Will Kenya Navy leave disputed area within maritime border with Somalia?

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Kenya will be making defining decisions in coming weeks over the future of the Kenya Navy within the disputed maritime border with Somalia, following a court decision that largely favoured Mogadishu.

The International Court of Justice [ICJ] ruled in favour of Somalia, with the Horn of Africa nation taking huge chunks of the disputed area after over right years of tussle with the East Africa nation, which started sometime in 2014.

Already, Nairobi has rejected the ruling with President Uhuru Kenyatta arguing that “we cannot cede even a single inch to them”. Similar sentiments were echoed by General Robert Kibochi, the Chief of Defense Forces of Kenya.

However, whether the decision to respect the court order succeeds or not, Kenya Navy, which has been doing surveillances in the disputed area, will have to make the decision whether to continue being within the area or leave.

“Kenya has been in situ i.e. in actual occupation and control of the maritime territory since 1979 and the Kenya Navy patrols and provides security and navigational support to marine traffic in the disputed area,” explains Capt [Rtd] Collins Wanderi.

The former Air Force Captain explains that the Kenya Navy cannot leave, because the void would invite pirates and increase the cost of doing business in Kenya and countries in the hinterland.

“This would make Mombasa and Lamu ports unattractive to International maritime traffic. Kenya cannot afford the mess, so Kenya must stay put!” Capt [Rtd] Wanderi told the Standard.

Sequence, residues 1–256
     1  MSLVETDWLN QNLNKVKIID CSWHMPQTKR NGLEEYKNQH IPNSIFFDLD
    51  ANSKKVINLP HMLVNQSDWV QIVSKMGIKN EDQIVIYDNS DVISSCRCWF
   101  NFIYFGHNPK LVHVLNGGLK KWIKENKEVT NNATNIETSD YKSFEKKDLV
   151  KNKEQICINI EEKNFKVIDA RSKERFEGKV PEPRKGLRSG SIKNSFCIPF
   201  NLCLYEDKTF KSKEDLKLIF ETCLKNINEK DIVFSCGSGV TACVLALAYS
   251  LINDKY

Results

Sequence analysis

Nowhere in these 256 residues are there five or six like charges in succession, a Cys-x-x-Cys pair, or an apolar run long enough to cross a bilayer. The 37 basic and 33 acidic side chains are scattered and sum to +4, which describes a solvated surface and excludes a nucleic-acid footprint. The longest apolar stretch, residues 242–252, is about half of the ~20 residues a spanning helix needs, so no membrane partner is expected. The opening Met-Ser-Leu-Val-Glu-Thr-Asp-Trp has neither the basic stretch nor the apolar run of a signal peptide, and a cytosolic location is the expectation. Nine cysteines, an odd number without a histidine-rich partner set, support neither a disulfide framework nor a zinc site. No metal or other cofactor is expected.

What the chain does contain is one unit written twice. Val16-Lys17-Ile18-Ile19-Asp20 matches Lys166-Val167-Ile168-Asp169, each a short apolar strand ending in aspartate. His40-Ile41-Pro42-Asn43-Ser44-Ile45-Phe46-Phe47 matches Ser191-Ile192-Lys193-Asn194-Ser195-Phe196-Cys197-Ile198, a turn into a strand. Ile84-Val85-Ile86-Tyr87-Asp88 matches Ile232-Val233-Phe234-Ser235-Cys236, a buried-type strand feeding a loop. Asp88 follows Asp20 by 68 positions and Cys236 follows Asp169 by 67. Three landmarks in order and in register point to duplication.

To carry out this task, the Navy has a wide arsenal and experience on its disposal, as published in the book, the Kenya Navy A 50 Year Voyage Official Commemorative Publication of the Golden Jubilee.

The Kenya Navy is organized into three fighting Squadrons, namely the pioneer 66 Squadron, the 79 Squadron, and the 86 Squadron. The squadrons are supported by the Clearance Diving Unit [CDU], the Special Boat Unit [SBU], the Fleet Maintenance Unit [FMU], and the recently created elite unit, the Marine Ranger Regiment.

The first Navy Fleet, the 66 Squadron, was launched in 1966 with just three ships namely KNS Simba, KNS Chui, and KNS Ndovu, all built in the United Kingdom. KNS Simba, the first Kenya Navy ship to be built, was decommissioned [taken out of service] twice, once in 1988 and again in 1992 and later on used for training purposes.

Notably, KNS Simba, KNS Chui, and KNS Ndovu, were extensively used during the Shifta campaign in August 1966 to transport the Army and the police to Lamu. In 1974, a new squadron was added to the Kenya Navy upon the acquisition of KNS Mamba, becoming the first ship of the 76 Squadron.

KNS Mamba’s firing firepower was composed of a powerful weapon package comprising of 30mm twin Barrel Oerlikon guns forward and four Gabriel I Surface-to-Air Missiles aft, multiple rocket launchers, and anti-air artillery.

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